These issues were structured into a questionnaire (supplementary file). It was comprised of 58 questions addressing the following items: demographics and center features (10 items); clinical aspects and management (42 items). The latter addressed several topics including pain assessment, guidelines use, availability of pain care protocols, drug regimen strategies (e.g., about breakthrough cancer pain, BTcP), management (and prevention) of side effects, multiprofessional pathways, patient-centered approaches, and minimally invasive techniques.

2.2. Participants

The survey was carried out across Italy between June and September 2021. Members of the SIAARTI were asked to participate by an email invitation. The online questionnaire was administered through a computer-aided web interview (CAWI) using the free software, SurveyMonkey (Momentive, San Mateo, CA, USA). No exclusion/inclusion criteria were used as the scope of the study was to obtain an overview of the national scenario. Answers were collected on an anonymous basis.
The survey was conducted in compliance with the European Pharmaceutical Market Research Association (EphMRA) code of conduct. All participants in the survey provided voluntary, informed consent to data collection and use, based upon a clear understanding of the purpose of the data collection.

2.3. Statistical Analysis

Results are shown with standard descriptive statistics. Parameters include mean and standard deviation (SD), median and interquartile range (IQR), or proportion of categorical variables as appropriate. For the comparison of the frequency distributions of several items expressed on Likert scales (never, rarely, sometimes, often, all the time), we constructed an indicator that considers the variability of the distributions without altering the nature of the given answers. The proposed indicator is based on a measure of the distance between an observed distribution and a theoretical distribution under optimal conditions, i.e., maximum concordance for the best judgment. Analyses were performed using the RStudio software (RStudio, Boston, MA, USA).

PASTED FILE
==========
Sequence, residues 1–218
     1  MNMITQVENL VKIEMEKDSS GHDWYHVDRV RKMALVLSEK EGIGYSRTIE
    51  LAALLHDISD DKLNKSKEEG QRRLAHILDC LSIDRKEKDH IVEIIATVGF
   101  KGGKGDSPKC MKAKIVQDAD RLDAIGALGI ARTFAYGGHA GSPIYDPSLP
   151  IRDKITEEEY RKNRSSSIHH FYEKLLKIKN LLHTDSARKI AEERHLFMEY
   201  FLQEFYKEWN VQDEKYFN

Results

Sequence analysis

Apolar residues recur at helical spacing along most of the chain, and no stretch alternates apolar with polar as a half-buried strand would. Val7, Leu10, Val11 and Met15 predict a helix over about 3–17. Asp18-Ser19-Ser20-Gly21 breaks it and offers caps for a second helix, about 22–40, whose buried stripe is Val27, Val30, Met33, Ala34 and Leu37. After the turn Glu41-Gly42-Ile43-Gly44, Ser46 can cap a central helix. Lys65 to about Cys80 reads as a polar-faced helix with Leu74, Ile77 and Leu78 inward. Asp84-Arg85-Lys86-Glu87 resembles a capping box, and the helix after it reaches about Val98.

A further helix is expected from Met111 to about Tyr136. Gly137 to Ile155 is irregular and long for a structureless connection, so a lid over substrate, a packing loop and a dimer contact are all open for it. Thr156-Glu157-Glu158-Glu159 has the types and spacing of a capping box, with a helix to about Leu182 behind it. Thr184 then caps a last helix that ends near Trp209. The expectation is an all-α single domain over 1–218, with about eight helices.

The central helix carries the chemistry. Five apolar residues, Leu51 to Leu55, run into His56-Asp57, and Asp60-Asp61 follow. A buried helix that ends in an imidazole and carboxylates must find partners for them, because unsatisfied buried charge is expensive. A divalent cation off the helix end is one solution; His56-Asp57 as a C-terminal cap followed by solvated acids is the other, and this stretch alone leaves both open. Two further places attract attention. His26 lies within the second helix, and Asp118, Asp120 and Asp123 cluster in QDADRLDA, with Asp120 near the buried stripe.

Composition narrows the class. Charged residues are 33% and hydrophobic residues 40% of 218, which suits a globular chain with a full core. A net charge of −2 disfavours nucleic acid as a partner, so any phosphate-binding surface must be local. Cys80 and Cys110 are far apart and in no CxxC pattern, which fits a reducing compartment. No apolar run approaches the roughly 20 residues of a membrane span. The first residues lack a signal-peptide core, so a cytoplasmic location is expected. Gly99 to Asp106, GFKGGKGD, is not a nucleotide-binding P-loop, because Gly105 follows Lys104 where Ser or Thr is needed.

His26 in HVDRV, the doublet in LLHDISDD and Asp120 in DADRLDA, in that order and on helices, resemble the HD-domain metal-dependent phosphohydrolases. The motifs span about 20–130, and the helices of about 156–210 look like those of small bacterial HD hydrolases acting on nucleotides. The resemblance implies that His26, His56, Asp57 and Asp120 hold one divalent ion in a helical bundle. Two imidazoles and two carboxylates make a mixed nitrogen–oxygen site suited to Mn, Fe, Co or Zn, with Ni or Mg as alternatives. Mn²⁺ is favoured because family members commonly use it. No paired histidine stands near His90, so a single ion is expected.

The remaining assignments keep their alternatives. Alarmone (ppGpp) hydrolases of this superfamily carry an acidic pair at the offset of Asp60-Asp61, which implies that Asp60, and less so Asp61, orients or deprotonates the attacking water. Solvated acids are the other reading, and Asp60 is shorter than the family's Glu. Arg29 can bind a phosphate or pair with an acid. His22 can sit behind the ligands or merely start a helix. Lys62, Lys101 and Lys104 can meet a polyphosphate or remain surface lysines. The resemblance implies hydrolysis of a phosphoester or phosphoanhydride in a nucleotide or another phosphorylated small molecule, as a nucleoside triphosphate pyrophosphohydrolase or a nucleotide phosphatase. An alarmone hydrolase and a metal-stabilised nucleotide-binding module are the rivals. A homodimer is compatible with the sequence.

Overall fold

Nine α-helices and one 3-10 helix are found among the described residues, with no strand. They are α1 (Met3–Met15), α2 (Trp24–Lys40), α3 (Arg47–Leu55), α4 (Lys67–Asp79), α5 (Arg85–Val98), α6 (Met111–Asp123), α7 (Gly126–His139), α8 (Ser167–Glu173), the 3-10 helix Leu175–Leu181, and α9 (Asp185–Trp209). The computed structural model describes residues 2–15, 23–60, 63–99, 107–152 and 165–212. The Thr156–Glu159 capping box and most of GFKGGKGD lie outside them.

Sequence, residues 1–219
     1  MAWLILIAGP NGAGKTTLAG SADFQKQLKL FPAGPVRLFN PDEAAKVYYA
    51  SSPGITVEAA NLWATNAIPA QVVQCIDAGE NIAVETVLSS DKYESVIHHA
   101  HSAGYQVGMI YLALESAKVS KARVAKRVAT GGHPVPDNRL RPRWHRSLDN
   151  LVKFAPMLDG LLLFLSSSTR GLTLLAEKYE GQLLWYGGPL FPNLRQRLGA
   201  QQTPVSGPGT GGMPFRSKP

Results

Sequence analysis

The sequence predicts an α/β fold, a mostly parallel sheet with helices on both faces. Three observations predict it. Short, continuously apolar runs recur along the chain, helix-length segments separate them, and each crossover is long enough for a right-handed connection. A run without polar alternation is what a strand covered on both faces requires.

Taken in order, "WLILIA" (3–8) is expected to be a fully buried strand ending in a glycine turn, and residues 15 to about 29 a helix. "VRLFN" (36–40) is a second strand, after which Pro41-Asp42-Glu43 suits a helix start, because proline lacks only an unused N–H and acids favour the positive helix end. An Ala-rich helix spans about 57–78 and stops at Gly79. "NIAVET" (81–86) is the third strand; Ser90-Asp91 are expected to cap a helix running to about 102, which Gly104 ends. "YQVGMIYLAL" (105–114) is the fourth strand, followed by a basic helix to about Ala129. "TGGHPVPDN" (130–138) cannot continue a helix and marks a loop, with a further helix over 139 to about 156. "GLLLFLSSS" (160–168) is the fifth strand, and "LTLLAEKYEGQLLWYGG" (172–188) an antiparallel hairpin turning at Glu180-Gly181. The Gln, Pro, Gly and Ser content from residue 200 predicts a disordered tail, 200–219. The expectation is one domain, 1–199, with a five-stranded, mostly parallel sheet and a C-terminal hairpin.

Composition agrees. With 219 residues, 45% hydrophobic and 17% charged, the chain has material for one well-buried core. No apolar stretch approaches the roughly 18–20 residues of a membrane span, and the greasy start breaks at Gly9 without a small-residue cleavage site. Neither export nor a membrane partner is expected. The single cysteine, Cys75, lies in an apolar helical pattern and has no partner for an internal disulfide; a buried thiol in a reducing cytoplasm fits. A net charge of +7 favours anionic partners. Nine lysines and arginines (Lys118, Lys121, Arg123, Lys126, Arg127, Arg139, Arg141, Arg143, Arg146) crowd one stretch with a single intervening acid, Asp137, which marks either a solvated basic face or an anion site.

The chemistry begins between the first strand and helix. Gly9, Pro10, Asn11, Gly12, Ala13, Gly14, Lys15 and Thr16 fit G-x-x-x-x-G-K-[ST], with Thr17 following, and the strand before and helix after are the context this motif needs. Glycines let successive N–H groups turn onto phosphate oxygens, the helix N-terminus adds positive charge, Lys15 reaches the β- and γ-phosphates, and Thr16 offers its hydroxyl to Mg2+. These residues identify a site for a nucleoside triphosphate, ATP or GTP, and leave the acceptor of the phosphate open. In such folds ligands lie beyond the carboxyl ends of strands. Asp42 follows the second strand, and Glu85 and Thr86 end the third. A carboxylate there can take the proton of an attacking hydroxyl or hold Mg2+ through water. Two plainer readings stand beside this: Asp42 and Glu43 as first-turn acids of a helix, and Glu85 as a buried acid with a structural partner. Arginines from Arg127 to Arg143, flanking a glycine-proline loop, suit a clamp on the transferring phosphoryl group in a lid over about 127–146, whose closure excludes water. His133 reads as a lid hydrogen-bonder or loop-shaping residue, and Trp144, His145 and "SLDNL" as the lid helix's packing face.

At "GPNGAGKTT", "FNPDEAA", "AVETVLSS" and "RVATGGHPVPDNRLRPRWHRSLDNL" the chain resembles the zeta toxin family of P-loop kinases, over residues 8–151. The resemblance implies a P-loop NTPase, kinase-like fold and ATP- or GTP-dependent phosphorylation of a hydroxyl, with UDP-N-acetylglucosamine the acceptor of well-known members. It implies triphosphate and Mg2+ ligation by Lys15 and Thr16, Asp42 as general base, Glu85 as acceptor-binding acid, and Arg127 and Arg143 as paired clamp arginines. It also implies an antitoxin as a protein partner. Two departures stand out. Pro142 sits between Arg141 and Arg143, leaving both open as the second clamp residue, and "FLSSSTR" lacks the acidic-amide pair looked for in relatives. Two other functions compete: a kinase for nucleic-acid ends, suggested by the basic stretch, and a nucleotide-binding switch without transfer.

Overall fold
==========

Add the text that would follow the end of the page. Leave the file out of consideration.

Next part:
3. Results

3.1. Demographics and Center Features

Through this investigation, SIAARTI reached and surveyed 279 centers that deal with cancer patients throughout Italy. Table 2 shows demographics and center features.
The regional distribution of physicians involved in cancer pain management is shown in Figure 1. A greater number of pain therapists work in the Lombardy and Lazio regions: 76 (13%) and 74 (12%), respectively.
Following the scope of the study, the results of the items on clinical aspects and management are presented in terms of strengths and weaknesses.

3.2. Strengths

Opioid therapy in naïve patients. In opioid-naïve patients, 73% of specialists declared to choose the type of opioid (weak vs. strong, and agent) based on the patient’s clinical context and pain features; 14% refer to the WHO analgesic ladder; 13% always use immediate-release morphine. Regarding doses and regimens, 29% start with a dose they deem appropriate by considering pain intensity, comorbidities, age, and other variables; 71% perform opioid titration (Figure 2).
Strategies for treatment of neuropathic pain. One-third of responders always followed recommendations and/or guidelines (34%), 2% never, 4% rarely, 13% sometimes, and 47% often. Furthermore, more than 50% adopted algorithms (17% always, 40% often).
Communication strategies and active participation of patients and caregivers in treatment decisions. Ninety-seven percent of respondents paid special attention to the communication of treatment options and their potential side effects. Regarding the active participation of patients, 91% of clinicians (56% always and 35% often) affirmed that they involved patients in the decision-making process. On the contrary, less than 1% never considered patient engagement, and 8% rarely performed it. Regarding caregivers’ participation, 84% of pain therapists encouraged their involvement (56% always and 35% often).
Breakthrough cancer pain (BTcP) management. Eighty-nine percent of pain therapists manage BTCP through strong opioids. Seventy percent use oral or nasal transmucosal fentanyl formulations (rapid-onset opioids, ROOs). Half of these, administer ROOs when morphine milligram equivalents (MME) are more than 60 mg/day. Fourteen percent use short-acting opioids (e.g., oral morphine). Regarding the opioid regimen adopted for BTcP treatment, 27% start from low dosages; 46% choose the dose of opioids used for background pain (proportional regimen); 27% choose the dose according to the clinical context (Figure 3).

3.3. Weaknesses

Adherence to guidelines. The adherence to international and Italian guidelines is presented in Figure 4. The American National Comprehensive Cancer Network (NCCN) guideline [2] is always followed by 8% of clinicians; the European Society for Medical Oncology (ESMO) guidelines [1] by 6%; the Italian Association of Oncologists (AIOM) guidelines [4] by 17%.
Quality of life assessment. Four percent of clinicians adopt the European Organization for Research and Treatment of Cancer (EORTC) QLQ-C30 questionnaire [11] in each consultation; the Edmonton Symptom Assessment System (ESAS) tool [12] is always used by 12% of the pain therapists (Figure 5).